Sana Javeri Kadri brings her whole queer life to Diaspora Co., her company that’s decolonizing the spice trade, supporting Indian small farmers, and delivering banging spices to your kitchen.
When BLK first published, it was a 16 page black-and-white newsletter with a circulation of roughly 5,000. By the time it ended its publication it had grown into a 40 page magazine with full color covers, a paid subscriber base and global distribution reaching 37,000 people. It told our stories. Today, we say thanks.
Perhaps my identity oscillates at times but in a world that attempts to force me to choose one side of a binary, I remain firmly in the middle.
“I want to be referenced as she and her. I would love for you guys to call me Zaya.” Proud parent Dwayne Wade shares Zaya’s story. Sending our love to the family today!
Being invisible is in some ways a privilege. QTPOC who are visible are subject to scrutiny at best and violence at worst. I don’t want to talk about visibility. I’m still ashamed of the lonely, aching part of me that longs for recognition.
Four years ago I did the switch from wanting “good hair” to wanting “healthy hair” and went completely natural. This photoessay is a ride of twists and bumped bangs, but I promise it’s a good one. And before you ask: No, I am not tenderheaded.
We want this year’s Black History Month to be serious. But also – sexy, fun, JOYful. We want to reflect the multiple ways that black people see ourselves and walk through our world. And so, we begin here. By writing ourselves back into our own history.
The L Word: Generation Q featured 12 new queer characters of color in its first season, but media conversations about the show have largely remained driven by white points of view. So, we set out to change that.
I’m not coming out to you as a lesbian, umma, I’m coming out as your daughter. I’m tired of being a stranger to you and I’m tired of tripping over boxes in my living room because you’re incapable of just being vulnerable with me.
Introducing our new series: Year of Our (Audre) Lorde, a monthly analysis of works by queen mother Audre Lorde as they apply to our current political moment. First, how harnessing our erotic power can help us THRIVE!
More than anything, this year, I wish black queer and trans people JOY. Martin Luther King didn’t fight that damn hard for us not to have a quality of life that comes with celebrating our joy and humanity first.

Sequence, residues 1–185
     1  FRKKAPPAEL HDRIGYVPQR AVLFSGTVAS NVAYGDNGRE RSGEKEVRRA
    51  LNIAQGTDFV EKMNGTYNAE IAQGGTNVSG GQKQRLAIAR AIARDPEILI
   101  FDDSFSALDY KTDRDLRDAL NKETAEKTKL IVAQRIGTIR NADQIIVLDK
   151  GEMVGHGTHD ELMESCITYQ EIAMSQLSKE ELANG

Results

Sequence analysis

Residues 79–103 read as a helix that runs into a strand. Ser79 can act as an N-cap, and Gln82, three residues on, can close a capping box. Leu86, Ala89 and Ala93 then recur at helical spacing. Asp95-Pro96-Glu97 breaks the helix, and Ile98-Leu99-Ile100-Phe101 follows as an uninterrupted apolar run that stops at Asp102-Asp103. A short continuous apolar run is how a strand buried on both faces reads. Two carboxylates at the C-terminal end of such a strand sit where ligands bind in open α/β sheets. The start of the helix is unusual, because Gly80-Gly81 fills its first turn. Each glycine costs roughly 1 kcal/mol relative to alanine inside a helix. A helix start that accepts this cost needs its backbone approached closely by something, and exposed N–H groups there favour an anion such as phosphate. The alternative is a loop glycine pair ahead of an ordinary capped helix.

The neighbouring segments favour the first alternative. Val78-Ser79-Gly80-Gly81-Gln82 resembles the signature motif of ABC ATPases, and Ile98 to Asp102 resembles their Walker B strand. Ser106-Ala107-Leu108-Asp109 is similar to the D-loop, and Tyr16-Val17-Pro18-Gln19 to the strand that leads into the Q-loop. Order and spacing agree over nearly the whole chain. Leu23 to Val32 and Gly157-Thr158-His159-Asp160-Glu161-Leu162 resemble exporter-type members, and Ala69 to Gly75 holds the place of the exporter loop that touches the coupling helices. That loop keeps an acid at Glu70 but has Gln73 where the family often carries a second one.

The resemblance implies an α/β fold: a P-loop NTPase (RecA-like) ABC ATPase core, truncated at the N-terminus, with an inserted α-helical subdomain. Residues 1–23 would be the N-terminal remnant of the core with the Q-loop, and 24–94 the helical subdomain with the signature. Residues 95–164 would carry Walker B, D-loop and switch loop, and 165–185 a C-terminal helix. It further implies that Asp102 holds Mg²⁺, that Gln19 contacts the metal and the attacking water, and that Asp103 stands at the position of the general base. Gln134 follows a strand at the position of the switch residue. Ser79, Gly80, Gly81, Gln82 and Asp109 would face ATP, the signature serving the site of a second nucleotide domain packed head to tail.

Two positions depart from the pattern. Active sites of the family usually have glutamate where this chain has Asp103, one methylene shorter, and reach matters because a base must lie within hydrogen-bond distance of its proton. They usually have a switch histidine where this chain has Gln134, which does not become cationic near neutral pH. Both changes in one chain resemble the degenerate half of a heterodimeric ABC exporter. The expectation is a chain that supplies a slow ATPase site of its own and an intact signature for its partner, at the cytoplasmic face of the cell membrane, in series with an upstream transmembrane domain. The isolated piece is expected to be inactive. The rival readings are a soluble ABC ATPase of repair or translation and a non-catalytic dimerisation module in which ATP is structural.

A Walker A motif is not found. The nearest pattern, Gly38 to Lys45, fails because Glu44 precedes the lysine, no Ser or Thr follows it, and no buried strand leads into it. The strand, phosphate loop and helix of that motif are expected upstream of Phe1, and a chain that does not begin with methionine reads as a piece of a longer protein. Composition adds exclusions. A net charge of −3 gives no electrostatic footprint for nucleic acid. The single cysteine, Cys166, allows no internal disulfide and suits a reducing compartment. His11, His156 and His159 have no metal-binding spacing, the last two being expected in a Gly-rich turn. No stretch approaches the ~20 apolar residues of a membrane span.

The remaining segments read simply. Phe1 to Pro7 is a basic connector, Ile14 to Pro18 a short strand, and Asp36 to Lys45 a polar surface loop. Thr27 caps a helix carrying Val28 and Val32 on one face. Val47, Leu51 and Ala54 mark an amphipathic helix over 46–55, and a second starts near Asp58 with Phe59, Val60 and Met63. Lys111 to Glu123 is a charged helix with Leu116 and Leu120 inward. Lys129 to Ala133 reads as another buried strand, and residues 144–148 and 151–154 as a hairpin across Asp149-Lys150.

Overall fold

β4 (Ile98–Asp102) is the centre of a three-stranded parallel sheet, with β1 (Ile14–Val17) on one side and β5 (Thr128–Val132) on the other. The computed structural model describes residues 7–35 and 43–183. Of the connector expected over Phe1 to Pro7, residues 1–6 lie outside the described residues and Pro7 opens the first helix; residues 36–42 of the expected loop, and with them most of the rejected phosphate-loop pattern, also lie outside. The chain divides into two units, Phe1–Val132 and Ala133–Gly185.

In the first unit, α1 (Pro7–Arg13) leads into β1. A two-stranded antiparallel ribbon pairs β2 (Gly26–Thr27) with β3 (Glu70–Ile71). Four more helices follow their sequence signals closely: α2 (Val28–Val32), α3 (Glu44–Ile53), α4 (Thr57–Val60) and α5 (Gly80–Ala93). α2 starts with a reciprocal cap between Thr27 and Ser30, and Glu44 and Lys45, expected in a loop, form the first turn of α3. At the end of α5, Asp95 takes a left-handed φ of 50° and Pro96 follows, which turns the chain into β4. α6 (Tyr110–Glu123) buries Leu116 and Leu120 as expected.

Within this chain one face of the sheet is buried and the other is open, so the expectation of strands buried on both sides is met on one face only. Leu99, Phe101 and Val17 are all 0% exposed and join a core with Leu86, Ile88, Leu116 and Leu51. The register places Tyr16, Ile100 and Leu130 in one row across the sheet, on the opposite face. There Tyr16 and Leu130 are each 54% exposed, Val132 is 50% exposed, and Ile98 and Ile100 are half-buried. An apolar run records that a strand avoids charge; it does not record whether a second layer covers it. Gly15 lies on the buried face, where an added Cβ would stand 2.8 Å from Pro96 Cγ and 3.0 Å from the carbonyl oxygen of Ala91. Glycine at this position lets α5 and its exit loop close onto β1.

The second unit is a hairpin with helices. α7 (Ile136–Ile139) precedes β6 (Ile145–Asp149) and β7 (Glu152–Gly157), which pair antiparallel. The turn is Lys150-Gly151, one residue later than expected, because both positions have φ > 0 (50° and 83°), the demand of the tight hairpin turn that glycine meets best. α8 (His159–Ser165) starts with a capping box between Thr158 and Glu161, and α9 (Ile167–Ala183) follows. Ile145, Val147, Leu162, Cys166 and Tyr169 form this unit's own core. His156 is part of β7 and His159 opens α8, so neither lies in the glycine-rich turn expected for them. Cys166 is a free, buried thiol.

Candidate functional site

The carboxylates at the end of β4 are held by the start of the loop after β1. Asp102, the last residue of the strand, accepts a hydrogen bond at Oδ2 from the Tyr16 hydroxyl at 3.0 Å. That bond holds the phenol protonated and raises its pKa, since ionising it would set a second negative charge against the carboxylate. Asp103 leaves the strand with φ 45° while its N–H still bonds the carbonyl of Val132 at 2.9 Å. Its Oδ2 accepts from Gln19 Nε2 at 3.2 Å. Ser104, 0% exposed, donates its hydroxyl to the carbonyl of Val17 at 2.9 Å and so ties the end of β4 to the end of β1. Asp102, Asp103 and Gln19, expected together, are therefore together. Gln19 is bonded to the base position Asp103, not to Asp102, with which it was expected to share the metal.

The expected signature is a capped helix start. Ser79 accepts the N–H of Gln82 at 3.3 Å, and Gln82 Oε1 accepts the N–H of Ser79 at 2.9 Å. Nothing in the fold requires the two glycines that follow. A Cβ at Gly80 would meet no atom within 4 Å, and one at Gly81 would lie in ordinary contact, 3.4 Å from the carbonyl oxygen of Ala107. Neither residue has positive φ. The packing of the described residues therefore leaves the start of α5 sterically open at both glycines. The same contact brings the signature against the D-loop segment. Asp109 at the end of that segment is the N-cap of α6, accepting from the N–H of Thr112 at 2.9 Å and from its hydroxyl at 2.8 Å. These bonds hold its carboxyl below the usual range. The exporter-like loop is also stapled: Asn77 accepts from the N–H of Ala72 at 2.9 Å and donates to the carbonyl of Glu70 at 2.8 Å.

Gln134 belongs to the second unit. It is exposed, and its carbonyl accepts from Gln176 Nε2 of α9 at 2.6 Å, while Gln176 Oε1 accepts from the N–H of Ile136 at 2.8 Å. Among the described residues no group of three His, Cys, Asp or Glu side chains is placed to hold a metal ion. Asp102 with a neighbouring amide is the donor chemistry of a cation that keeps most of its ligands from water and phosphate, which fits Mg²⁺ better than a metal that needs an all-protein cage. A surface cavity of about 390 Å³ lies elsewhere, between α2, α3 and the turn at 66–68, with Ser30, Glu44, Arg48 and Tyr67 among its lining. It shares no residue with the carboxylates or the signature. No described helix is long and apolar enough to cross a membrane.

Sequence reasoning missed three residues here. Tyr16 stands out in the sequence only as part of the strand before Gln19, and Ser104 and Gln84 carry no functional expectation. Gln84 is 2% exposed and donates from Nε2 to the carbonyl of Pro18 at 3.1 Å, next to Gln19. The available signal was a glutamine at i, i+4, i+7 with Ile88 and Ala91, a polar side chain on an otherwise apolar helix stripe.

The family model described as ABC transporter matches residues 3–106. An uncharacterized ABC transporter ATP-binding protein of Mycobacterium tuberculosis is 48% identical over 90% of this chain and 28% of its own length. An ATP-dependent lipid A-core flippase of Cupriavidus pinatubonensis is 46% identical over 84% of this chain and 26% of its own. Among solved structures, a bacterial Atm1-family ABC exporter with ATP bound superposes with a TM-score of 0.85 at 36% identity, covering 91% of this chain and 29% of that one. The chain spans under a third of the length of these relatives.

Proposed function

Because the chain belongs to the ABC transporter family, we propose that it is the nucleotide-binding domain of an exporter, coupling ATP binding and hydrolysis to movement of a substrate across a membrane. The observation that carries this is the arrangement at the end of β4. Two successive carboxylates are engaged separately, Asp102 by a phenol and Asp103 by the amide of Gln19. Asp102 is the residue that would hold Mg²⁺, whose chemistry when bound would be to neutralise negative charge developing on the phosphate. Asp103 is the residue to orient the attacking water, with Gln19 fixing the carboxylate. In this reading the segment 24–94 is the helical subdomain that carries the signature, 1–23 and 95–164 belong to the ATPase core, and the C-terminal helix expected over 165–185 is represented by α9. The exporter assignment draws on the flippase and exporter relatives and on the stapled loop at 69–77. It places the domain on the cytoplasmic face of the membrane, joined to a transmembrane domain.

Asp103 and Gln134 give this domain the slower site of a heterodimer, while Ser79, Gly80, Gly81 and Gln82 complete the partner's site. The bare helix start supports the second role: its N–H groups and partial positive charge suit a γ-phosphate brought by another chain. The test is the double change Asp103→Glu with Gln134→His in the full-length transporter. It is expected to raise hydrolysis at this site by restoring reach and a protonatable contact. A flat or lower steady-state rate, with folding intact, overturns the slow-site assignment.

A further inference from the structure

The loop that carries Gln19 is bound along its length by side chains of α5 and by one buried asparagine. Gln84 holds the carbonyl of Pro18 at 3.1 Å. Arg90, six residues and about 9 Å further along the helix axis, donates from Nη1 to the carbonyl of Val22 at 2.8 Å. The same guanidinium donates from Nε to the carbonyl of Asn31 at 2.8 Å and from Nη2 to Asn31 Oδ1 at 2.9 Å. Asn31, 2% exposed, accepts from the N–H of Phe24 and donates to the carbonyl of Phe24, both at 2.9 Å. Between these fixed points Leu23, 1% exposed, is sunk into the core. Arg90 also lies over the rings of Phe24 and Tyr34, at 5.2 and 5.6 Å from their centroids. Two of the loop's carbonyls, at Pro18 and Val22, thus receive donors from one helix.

Black justice is not the sole responsibility of only black people. We’re asking: What does black liberation look like for you, and what are you prepared to do to get there?
I’m not sure I am any of the things that the aunties here tell me I am: Good. Hindu. Girl. I’m not sure about a lot of things these days. But I’ve found a way to care for myself that keeps me alive.
“Being a woman, having a disability, being Dominican, and finally I can add to that magical layer being queer.” — Welcome to the Magic Club, Jillian!
These trans women activists have banded together in support of a city council bill that, if passed, would decriminalize consensual sex work in D.C. for people who are 18 and older, building grassroots power for their own communities.
I was in high school when I first saw Staceyann Chin perform, barefoot and incensed. She was fearless in her rage, her sexuality, her eloquence. Now, I feel the same reading her as I felt watching all those years ago — as if I’m being granted permission.
Minutes before I saw Poison Ivory pour champagne down her back and watch it drip between her legs, I knew seeing this black burlesque performer would evoke Power.
The television landscape is changing rapidly. Where does that leave lesbian, bisexual, and trans women of color on TV? Where have been, and more importantly — where are we going?
“For a work touted as blackness for Black people, Queen & Slim ultimately offers not hope or a way forward, but more images of beautiful Black corpses added to the growing canon of Black death for consumption. And I’m simply not able to keep bearing witness.”
Whatever your feelings about consumerism and capitalism, we think that you’ll agree — it would be great if some of those funds found their way into people of color owned businesses and communities. Spread the joy of economic responsibility, racial justice — and really cute earrings — this holigay season.